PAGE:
Slavery and the British Empire: From Africa to America

Slavery and the British Empire: From Africa to America

Slavery and the British Empire: From Africa to America

Slavery and the British Empire: From Africa to America


Slavery and the British Empire provides a clear overview of the entire history of British involvement with slavery and the slave trade, from the Cape Colony to the Caribbean. The book combines economic, social, political, cultural, and demographic history, with a particular focus on the Atlantic world and the plantations of North America and the West Indies from the mid-seventeenth century onwards.

Kenneth Morgan analyses the distribution of slaves within the empire and how this changed over time; the world of merchants and planters; the organization and impact of the triangular slave trade; the work and culture of the enslaved; slave demography; health and family life; resistance and rebellions; the impact of the anti-slavery movement; and the abolition of the British slave trade in 1807 and of slavery itself in most of the British empire in 1834.

As well as providing the ideal introduction to the history of British involvement in the slave trade, this book also shows just how deeply embedded slavery was in British domestic and imperial history - and just how long it took for British involvement in slavery to die, even after emancipation.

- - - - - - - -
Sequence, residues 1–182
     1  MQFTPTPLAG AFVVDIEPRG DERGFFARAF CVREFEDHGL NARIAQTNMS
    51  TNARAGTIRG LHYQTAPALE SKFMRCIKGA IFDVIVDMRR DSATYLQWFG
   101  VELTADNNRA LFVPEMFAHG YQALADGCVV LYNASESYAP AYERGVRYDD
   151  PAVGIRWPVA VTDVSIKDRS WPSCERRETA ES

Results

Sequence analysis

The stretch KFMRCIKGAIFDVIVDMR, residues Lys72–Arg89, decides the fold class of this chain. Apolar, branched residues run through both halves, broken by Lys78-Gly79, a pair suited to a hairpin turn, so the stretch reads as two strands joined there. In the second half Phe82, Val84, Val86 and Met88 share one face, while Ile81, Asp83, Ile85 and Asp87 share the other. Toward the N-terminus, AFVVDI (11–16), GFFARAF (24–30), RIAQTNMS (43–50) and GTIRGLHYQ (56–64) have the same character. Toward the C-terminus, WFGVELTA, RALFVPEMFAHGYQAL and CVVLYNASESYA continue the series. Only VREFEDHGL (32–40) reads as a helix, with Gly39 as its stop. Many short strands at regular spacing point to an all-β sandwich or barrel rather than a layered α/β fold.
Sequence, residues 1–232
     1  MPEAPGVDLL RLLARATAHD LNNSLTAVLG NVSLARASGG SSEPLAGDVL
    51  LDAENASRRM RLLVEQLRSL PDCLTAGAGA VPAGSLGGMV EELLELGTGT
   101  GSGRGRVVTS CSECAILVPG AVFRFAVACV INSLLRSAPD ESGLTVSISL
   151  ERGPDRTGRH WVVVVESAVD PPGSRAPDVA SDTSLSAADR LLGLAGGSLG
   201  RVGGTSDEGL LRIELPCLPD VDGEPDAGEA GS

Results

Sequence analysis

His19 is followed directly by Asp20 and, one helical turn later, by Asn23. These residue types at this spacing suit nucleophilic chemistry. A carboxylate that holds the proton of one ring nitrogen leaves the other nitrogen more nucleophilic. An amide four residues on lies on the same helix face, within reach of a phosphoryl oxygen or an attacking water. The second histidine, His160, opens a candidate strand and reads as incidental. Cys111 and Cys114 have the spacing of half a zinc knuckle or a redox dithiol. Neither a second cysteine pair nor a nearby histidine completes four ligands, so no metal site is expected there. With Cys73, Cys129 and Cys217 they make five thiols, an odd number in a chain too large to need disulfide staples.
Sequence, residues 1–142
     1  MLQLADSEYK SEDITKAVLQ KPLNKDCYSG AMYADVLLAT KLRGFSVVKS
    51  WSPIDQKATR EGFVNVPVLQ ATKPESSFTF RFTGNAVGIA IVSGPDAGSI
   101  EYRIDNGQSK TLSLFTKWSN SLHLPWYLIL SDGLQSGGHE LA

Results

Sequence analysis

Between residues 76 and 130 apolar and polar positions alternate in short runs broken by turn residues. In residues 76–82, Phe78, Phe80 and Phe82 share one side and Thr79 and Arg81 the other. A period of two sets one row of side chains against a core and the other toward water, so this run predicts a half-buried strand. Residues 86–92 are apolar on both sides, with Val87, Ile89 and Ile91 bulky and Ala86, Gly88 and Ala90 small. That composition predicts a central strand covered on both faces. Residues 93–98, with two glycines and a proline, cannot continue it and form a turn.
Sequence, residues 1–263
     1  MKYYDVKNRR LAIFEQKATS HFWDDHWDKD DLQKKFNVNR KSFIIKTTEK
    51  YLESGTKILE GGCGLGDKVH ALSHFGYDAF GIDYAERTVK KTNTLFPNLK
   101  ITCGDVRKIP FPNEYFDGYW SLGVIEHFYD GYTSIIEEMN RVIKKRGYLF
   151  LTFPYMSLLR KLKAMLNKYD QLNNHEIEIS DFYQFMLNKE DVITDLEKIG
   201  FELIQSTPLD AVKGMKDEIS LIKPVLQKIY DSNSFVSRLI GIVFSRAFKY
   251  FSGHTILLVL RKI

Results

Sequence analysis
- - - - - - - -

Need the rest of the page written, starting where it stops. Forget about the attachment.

This short book provides an overview of slavery, the slave trade, and abolitionism in the British Empire over a period of two hundred years from the mid-seventeenth century to the mid-nineteenth. These are subjects of perennial historical interest and, moreover, ones that have accumulated a vast historiography. It is no exaggeration to say that over the past forty years some of the finest scholarship published in any historical field has been devoted to these topics. Historians have used interdisciplinary techniques and have unearthed much new data in an effort to come to grips with a diasporic experience that had wide geographic scope, vast numeric scale, and deep human impact. My book is aimed at the educated reader with no detailed knowledge of the subjects discussed. Accordingly, I have provided only light referencing, mainly identifying direct quotations embedded in the text. Some of these are taken from manuscript sources consulted in relation to more detailed projects. A select bibliography of major works on British slavery and abolitionism is appended for readers who want to follow up this book with more detailed reading.

As is always the case with a broad overview, the book depends on the labours of many fine historians. My debts to the leading scholars of slavery and abolitionism can be seen throughout my chapters. At the same time, the book reflects my long teaching and research experience of the subjects discussed, especially in lectures and classes delivered over many years to students at Brunel University. In a relatively short book, I have had to present concentrated arguments without many digressions, but I hope this does not mean that my analyses are too tight or too abbreviated. Plenty of statistics, ratios, and percentages underpin the arguments presented, so that the reader is aware of the scale and dimensions of the topic discussed. But I have often expressed the statistics in words rather than in tables and graphs because that seemed appropriate for a general text of this nature. Specialists will note omissions and inevitably there will be errors of commission. I hope they find something useful, however, in what I have written.

One important strategic decision affects the coverage of the book. It concentrates more on slavery and the slave trade in the British Atlantic world than on British involvement in slavery in other parts of the . . .

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